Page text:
September 7th, 2012

Golden Summer Cake.

I’m serious about my baking. Never met a cake I didn’t like or couldn’t cook. One of my guilty pleasures is trawling food blogs. There are so, so many clever, wonderful amateur chefs out there sharing their passion for food.

On rotation in my bookmarks at the moment is The Fox Fix – The Magical BakeShop of Mikaela Fox. I love the way she writes and her recipes are out-of-this-world delicious. This cake is the Queen of Cakes. The name says it all right? Golden. Summer. And look at her little flag detail!

Mikaela found the recipe in a book she picked up at a junk sale - Rosie’s Bakery: All-Butter, Fresh Cream, Sugar-Packed No Holds Barred Baking Book (best title for a cake book ever) and then adapted it slightly.

I’ve found the book on Amazon – you can buy it here.

Now this recipe looks hard because it is long and there are three steps but it isn’t at all.

Go for it and prepare to have your world rocked.

The Cake.

Vanilla-Sour Cream Cake (makes two 9 or 10 in layers to be cut in half. You could also make three layers from this recipe).

3 3/4 cup cake flour (make sure to pour into the cup measure and scrape the top- don’t just scoop)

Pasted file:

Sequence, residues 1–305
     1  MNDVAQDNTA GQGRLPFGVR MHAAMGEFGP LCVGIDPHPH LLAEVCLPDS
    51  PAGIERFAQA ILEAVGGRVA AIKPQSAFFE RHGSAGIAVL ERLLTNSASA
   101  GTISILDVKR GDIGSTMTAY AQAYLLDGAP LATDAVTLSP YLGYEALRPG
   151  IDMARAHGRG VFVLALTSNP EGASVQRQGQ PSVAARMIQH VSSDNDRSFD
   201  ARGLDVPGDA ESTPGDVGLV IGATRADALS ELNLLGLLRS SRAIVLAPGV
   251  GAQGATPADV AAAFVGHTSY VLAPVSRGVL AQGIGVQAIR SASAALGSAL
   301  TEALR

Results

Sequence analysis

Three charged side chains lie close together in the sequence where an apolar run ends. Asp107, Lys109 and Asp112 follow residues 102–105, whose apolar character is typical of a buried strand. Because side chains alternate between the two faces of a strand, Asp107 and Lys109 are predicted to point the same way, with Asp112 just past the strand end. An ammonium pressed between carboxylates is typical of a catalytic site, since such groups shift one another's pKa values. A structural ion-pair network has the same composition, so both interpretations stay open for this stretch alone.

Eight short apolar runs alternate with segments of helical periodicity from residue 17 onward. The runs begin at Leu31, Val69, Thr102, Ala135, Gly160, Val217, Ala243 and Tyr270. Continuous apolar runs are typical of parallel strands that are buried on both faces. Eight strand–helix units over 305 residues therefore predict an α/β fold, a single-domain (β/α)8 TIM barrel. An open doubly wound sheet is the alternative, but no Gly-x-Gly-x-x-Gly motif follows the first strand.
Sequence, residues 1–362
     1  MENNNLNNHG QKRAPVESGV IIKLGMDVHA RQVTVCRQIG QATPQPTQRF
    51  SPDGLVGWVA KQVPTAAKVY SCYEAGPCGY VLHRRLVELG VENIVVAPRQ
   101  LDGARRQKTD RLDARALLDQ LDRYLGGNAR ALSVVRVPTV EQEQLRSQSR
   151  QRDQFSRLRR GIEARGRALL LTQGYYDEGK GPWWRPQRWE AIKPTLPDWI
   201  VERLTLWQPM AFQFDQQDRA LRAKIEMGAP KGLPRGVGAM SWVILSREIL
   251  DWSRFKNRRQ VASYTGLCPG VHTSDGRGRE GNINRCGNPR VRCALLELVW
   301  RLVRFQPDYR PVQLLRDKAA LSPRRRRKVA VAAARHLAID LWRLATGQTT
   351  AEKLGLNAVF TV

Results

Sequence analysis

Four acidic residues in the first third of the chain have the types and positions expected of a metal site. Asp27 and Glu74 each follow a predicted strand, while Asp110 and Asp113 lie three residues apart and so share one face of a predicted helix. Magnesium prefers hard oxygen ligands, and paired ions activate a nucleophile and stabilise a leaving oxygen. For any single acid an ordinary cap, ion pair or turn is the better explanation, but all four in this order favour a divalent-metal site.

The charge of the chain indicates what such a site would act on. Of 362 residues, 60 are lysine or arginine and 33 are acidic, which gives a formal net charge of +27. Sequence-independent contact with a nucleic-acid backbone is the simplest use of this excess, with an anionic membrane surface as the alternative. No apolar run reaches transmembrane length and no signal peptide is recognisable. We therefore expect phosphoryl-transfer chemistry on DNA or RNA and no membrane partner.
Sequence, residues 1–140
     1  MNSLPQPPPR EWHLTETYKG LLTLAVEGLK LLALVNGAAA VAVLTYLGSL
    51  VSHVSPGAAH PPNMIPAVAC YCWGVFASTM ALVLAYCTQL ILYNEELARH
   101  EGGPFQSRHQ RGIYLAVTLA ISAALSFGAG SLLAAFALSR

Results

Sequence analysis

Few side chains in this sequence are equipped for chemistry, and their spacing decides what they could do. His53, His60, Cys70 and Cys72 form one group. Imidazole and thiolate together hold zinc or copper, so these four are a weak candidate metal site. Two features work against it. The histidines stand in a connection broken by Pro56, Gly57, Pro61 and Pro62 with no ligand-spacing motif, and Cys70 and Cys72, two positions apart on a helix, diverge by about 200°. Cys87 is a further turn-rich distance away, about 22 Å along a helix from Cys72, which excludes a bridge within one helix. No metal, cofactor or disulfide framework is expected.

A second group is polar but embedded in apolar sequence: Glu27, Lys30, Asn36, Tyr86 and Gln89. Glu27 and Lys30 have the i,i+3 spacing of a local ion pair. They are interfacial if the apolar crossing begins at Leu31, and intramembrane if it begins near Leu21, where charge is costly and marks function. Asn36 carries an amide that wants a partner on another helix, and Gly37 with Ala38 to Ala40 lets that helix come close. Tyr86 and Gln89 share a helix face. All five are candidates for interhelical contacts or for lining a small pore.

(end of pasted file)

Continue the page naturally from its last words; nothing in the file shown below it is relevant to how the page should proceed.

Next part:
1 1/4 t baking powder
1 1/4 t baking soda
3/4 t salt
3 1/2 sticks butter
2 cups sugar
2 t vanilla extract
6 egg yolks
2 eggs
1 1/4 cup sour cream

Preheat to 350 degrees.

Grease and line 2 or 3 pans with parchment rounds.

Sift the flour with the baking powder, baking soda and salt into a medium bowl.

Use an electric mixer to cream the butter and sugar until very fluffy, about 3 minutes. Add the yolks and eggs one at a time, blending each well and scraping down the bowl as needed.

Alternate adding the dry ingredients and the sour cream in 2 or 3 additions. Mix only until incorporated before adding the next addition. When everything is added, turn the mixer to low and blend until the batter is very smooth. It tastes so good at this point.